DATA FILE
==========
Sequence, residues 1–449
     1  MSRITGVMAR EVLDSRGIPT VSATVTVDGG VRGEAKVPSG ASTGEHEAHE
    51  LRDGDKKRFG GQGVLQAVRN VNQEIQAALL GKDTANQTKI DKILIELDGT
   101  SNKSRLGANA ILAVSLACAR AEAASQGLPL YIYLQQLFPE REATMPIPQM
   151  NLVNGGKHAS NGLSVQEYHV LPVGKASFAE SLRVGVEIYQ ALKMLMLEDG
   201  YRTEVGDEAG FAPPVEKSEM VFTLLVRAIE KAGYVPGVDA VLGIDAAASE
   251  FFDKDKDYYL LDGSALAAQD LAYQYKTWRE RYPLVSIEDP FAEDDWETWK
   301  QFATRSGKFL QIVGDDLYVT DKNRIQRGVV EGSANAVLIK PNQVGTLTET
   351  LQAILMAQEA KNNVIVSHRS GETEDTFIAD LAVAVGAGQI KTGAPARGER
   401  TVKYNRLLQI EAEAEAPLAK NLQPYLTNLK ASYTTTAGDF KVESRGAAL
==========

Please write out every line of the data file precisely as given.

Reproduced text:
Sequence, residues 1–449
     1  MSRITGVMAR EVLDSRGIPT VSATVTVDGG VRGEAKVPSG ASTGEHEAHE
    51  LRDGDKKRFG GQGVLQAVRN VNQEIQAALL GKDTANQTKI DKILIELDGT
   101  SNKSRLGANA ILAVSLACAR AEAASQGLPL YIYLQQLFPE REATMPIPQM
   151  NLVNGGKHAS NGLSVQEYHV LPVGKASFAE SLRVGVEIYQ ALKMLMLEDG
   201  YRTEVGDEAG FAPPVEKSEM VFTLLVRAIE KAGYVPGVDA VLGIDAAASE
   251  FFDKDKDYYL LDGSALAAQD LAYQYKTWRE RYPLVSIEDP FAEDDWETWK
   301  QFATRSGKFL QIVGDDLYVT DKNRIQRGVV EGSANAVLIK PNQVGTLTET
   351  LQAILMAQEA KNNVIVSHRS GETEDTFIAD LAVAVGAGQI KTGAPARGER
   401  TVKYNRLLQI EAEAEAPLAK NLQPYLTNLK ASYTTTAGDF KVESRGAAL